However, Uganda’s High Commissioner to South Africa, Barbara Nekesa, says they have since extended the services to South Africa. “In collaboration with the National Identification and Registration Authority (NIRA), we brought ID registration services nearer to you. However we are dismayed by some of you who are bent on de-campaigning this noble cause,” said Nekesa.
Members of Parliament with Barbara Nekesa, Uganda’s High Commissioner to South Africa. Photo By MP Peter Ogwang.
Ugandans in South
Africa are now able to apply and receive National Identity Cards-IDs and
passports while there, Uganda Radio Network-URN has learnt. Until recently, Ugandans in South Africa had to travel back home to apply and receive the travel
High Commissioner to South Africa, Barbara Nekesa, says they have since
extended the services to South Africa.
“In collaboration with the National
Identification and Registration Authority (NIRA), we brought ID registration
services nearer to you. However we are dismayed by some of you who are bent on
de-campaigning this noble cause,” said Nekesa.
Adding that, “As a
Mission we decided to ignore them (persons de-campaigning the process), for it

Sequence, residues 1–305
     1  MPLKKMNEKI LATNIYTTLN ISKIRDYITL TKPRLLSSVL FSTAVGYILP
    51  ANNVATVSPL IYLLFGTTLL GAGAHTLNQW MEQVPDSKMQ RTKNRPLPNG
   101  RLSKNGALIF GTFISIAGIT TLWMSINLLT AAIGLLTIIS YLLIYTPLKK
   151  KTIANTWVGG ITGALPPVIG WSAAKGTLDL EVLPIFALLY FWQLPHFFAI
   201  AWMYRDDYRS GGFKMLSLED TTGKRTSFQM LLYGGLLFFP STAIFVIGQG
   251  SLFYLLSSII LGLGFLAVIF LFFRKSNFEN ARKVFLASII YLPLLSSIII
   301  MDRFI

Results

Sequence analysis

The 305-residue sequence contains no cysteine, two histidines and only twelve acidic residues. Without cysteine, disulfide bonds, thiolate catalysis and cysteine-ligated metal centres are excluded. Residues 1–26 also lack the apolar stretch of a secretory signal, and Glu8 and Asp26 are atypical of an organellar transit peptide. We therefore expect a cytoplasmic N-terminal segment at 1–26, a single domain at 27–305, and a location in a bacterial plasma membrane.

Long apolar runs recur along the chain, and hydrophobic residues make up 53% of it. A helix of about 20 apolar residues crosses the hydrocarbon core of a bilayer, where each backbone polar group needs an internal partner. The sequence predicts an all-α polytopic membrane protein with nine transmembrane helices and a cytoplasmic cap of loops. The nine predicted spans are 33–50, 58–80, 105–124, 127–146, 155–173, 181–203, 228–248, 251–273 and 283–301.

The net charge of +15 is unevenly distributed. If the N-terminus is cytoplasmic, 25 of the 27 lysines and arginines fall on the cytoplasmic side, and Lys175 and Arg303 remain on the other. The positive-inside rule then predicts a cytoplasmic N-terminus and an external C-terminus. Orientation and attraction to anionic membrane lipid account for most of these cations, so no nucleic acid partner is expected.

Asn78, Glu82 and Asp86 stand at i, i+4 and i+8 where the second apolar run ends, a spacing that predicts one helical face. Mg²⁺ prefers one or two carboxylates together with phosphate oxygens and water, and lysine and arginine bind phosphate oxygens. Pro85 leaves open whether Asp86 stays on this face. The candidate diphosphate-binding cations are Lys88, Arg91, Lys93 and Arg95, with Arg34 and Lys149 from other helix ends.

is them who will suffer the consequences of not having legal ID. There are many
other areas where we can work together to solve whatever problems we may have.”
She was speaking during the commemoration of Uganda’s 57th independence anniversary held at Uganda’s
High Commission in Pretoria, South Africa. Nekesa said Uganda was one of the
few countries that issue passports at selected missions.
"Those who have
approached us can testify that we are always available to render service to
whoever walks into the Mission irrespective of color, faith, tribe, political
affiliation,” she said.
Nekesa explained that they had agreed with NIRA that
the applicants fill the required forms through the embassy,
which information would be transferred to Kampala for the printing of the
On the issue of seeking endorsement from the LC1
and DISO signatures, the mission says the association chairpersons and embassy
officials would help confirm one’s citizenship.
Joshua Kivuna, the Minister Counselor, said Mission staff had
been trained on how to capture data for issuance of IDs.
The officials would
collect the IDs and pass them to the applicants from the Mission in South
However, several Ugandans were opposed to the registration
claiming that it would expose them to arrest by government. Kivuna said that although NIRA had promised to deliver the
first batch of IDs within three months, this hasn’t happened.
“There has been a
delay in the transfer of data. The IDs will come; we pray for some patience,
and hope they will be delivered soon,” he said.
Irene Jogole, who was posted to the Mission as the
Immigration Attaché this month, said she was starting with assessing how to
re-start processing and issuing passports to Ugandans following the recall of
the old passports for the new East African ones.
She also said that the Mission will be in position to issue
visas to persons holding South African passports wishing to travel to Uganda.